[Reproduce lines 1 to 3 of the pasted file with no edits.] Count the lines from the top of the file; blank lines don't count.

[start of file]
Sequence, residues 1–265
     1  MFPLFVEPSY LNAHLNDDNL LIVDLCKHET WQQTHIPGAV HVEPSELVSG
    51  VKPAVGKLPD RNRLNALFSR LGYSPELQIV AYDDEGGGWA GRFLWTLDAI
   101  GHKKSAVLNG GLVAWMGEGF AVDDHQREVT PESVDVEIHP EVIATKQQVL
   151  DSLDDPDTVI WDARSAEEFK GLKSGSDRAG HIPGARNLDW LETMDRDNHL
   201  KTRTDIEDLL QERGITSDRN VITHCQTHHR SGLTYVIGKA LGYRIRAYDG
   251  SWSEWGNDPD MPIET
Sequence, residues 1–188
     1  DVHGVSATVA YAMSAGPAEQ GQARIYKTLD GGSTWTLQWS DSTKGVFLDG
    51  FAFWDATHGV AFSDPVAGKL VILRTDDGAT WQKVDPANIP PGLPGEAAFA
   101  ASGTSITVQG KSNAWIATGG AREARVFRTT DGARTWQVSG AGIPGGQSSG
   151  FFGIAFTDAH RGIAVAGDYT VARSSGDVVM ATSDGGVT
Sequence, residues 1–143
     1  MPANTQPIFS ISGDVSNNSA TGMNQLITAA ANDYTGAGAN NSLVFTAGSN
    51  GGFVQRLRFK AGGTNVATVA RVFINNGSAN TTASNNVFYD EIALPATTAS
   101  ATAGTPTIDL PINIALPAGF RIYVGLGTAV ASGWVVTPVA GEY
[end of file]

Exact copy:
Sequence, residues 1–265
     1  MFPLFVEPSY LNAHLNDDNL LIVDLCKHET WQQTHIPGAV HVEPSELVSG
    51  VKPAVGKLPD RNRLNALFSR LGYSPELQIV AYDDEGGGWA GRFLWTLDAI